The Dominican Republic has the largest economy (according to the U.S. State Department and the World Bank) in the Caribbean and Central American region and is the seventh-largest economy in Latin America. Over the last 25 years, the Dominican Republic has had the fastest-growing economy in the Western Hemisphere – with an average real GDP growth rate of 5.3% between 1992 and 2018. GDP growth in 2014 and 2015 reached 7.3 and 7.0%, respectively, the highest in the Western Hemisphere. In the first half of 2016, the Dominican economy grew 7.4% continuing its trend of rapid economic growth. Recent growth has been driven by construction, manufacturing, tourism, and mining. The country is the site of the third largest gold mine in the world, the Pueblo Viejo mine. Private consumption has been strong, as a result of low inflation (under 1% on average in 2015), job creation, and a high level of remittances. Income inequality, for generations an unsolved issue, has faded thanks to its rapid economic growth and now the Dominican Republic exhibits a Gini coefficient of 39, similar to that of Israel and Uruguay, and better than countries like the United States, Costa Rica or Chile. Illegal Haitian immigration is a big problem in the Dominican Republic, increasing tensions between Dominicans and Haitians. The Dominican Republic is also home to 114,050 illegal immigrants from Venezuela.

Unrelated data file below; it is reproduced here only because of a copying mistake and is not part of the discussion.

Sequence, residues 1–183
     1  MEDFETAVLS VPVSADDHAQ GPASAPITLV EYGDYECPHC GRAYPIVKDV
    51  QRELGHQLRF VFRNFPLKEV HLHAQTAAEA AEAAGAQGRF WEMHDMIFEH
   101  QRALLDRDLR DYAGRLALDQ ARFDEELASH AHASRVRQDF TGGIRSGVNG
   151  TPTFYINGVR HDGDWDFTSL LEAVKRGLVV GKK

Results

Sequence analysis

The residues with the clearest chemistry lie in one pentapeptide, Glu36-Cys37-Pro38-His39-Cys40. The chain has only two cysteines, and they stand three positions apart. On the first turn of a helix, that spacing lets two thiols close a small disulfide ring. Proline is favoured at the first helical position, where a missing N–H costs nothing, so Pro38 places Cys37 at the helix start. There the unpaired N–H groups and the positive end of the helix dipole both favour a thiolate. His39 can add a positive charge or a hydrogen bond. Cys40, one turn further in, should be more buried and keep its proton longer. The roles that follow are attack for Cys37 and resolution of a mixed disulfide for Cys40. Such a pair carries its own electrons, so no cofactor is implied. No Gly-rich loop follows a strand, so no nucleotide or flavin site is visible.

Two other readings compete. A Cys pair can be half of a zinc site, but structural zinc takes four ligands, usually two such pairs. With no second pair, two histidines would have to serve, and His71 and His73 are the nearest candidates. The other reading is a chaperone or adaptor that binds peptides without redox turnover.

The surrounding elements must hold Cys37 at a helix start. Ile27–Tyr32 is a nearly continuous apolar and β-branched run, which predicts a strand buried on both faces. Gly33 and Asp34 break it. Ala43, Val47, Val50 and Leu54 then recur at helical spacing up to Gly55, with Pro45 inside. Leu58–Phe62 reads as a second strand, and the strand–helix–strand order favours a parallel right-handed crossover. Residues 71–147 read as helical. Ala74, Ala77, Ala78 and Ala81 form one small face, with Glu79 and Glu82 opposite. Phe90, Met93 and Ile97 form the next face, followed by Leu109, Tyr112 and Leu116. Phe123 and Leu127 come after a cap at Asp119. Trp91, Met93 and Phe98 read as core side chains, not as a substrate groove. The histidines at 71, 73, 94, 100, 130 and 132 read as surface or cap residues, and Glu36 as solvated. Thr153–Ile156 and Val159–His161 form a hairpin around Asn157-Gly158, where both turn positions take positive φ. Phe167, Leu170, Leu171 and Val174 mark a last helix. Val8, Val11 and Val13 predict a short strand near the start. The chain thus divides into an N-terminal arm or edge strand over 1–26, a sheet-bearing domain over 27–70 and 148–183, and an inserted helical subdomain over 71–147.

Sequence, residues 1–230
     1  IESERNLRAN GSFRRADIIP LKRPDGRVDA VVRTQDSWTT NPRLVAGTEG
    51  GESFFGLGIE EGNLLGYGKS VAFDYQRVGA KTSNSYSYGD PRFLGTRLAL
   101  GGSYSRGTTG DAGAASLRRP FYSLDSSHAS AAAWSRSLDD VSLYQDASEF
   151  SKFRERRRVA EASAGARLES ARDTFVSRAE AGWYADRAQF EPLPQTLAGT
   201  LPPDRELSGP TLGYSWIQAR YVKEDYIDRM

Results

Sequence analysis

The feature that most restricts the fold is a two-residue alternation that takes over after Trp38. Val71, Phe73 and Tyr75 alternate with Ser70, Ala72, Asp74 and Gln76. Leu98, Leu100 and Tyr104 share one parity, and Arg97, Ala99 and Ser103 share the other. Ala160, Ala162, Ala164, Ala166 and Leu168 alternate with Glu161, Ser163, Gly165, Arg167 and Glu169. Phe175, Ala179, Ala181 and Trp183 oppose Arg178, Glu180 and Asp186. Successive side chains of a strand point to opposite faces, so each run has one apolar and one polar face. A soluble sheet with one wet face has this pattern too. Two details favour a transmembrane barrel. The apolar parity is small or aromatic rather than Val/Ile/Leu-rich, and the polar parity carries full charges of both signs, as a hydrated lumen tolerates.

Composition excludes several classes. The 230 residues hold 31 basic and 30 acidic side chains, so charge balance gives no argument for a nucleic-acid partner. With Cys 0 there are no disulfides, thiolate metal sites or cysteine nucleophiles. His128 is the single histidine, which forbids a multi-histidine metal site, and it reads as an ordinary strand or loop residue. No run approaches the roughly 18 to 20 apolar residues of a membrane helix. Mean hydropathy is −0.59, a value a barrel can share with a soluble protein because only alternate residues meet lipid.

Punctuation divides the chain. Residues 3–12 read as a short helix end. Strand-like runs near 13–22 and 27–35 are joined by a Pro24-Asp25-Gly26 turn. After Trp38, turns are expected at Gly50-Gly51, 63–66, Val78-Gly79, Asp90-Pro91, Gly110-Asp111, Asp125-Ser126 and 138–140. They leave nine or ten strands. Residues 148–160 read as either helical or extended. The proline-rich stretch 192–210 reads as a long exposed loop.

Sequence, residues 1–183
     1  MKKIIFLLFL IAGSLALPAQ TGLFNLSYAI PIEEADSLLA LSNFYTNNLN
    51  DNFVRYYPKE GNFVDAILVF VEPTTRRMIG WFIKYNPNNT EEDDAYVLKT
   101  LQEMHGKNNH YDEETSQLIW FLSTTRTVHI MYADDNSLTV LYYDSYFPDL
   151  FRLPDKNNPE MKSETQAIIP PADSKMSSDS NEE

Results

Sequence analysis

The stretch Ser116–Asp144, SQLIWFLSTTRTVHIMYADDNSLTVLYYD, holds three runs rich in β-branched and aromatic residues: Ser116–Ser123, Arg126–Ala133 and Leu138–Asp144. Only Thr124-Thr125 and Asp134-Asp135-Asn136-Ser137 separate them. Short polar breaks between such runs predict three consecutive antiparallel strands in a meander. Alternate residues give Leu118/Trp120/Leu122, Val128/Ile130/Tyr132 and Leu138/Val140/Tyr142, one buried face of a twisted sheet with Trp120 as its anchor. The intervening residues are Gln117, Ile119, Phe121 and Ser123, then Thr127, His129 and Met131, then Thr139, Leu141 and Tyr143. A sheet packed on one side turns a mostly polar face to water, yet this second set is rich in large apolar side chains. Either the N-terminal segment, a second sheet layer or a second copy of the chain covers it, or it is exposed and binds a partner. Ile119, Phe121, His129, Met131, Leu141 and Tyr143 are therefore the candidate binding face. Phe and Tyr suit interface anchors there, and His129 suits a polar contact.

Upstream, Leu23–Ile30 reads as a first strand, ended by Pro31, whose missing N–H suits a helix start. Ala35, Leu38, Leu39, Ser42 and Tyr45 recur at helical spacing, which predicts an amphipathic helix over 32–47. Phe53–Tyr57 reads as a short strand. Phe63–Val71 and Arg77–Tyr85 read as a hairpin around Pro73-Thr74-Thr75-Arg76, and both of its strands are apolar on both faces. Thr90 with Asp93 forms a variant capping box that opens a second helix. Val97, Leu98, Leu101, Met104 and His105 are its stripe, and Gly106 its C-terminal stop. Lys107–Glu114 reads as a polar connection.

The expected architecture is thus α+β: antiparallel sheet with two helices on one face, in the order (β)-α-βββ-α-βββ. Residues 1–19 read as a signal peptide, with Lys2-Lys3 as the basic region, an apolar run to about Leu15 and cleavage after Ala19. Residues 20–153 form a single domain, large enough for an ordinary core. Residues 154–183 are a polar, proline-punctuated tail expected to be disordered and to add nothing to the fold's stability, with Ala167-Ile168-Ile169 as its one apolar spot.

There is a total of 662 rooms spread over several buildings. The Resort has been closed for the last fewyears, but they kept maintenance ongoing inside & outside to keep it in a good shape.
Although some renovation will be required to give it back the 4* status. The resort has been valued at its current state for 38 M USD, after some renovation it will certainly double in value. Now offered at 60% less of the value.
There is project & business plan, with sales projection based on a conversion for a Condo Hotel (we have a presentation file). IRR is projected for 27,9% by selling Condos and keep part for the Resort. Total price (purchase & complete conversion) 24.7M USD Bank Finance up to 70 %.
Most popular facilities
ATM & Currency Exchange: Need cash? There's an ATM and a currency exchange service at this property.
A free train travels throughout the resort and an airport shuttle service is available at an additional cost.
Punta Cana is 30 minutes’ drive away.
Cliff Jacobs (Nat Dpl Hotel Man (UJ). MPRE. GA Level 5 TEFL) Managing Principal / CEO Exquisite Hotel Consultants (Pty) Ltd Mobile: +27 (0) 84 413 1071 / +27 (0) 61 716 6951 Landline: +27 (0) 21 554 0283 Email: email@example.com Web: https://www.exquisitehotelconsultants.com C/o Sybelstrasse 69 10629 Berlin GERMANY Terms and Conditions apply Scroll down to view our Hospitality Properties and Businesses for sale or lease or lease-to-buy or partnership arrangement or management agreement arrangement:
Cliff Jacobs (Nat Dpl Hotel Man (UJ). MPRE. GA Level 5 TEFL)
Managing Principal / CEO
Exquisite Hotel Consultants (Pty) Ltd
Mobile: +27 (0) 84 413 1071 / +27 (0) 61 716 6951
Landline: +27 (0) 21 554 0283
C/o Sybelstrasse 69
Terms and Conditions apply
Scroll down to view our Hospitality Properties and Businesses for sale or lease or lease-to-buy or partnership arrangement or management agreement arrangement: